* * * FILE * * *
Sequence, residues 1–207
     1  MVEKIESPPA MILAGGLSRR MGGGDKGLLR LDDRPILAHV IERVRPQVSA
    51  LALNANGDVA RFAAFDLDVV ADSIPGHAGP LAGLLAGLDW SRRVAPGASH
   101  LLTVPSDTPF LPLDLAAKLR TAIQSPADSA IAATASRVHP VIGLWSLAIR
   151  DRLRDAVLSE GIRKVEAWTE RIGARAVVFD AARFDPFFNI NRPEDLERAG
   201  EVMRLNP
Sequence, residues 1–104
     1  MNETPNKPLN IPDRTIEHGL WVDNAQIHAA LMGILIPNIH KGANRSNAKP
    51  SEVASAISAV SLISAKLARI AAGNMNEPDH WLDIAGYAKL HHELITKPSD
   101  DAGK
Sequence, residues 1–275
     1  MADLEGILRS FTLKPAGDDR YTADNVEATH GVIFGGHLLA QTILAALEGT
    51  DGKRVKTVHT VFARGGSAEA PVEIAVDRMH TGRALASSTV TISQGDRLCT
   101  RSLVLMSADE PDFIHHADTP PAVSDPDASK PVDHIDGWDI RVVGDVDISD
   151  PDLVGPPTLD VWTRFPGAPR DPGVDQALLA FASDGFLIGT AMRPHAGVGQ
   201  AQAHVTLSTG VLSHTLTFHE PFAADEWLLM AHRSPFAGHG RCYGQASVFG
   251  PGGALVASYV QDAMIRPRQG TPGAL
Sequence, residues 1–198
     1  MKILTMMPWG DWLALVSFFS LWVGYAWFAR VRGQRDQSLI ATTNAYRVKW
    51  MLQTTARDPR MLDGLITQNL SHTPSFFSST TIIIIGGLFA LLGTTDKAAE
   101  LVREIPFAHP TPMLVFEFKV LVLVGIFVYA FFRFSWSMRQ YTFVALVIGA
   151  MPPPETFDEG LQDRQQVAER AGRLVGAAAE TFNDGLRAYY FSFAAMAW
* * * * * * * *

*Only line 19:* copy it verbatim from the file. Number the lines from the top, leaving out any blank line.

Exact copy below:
     1  MKILTMMPWG DWLALVSFFS LWVGYAWFAR VRGQRDQSLI ATTNAYRVKW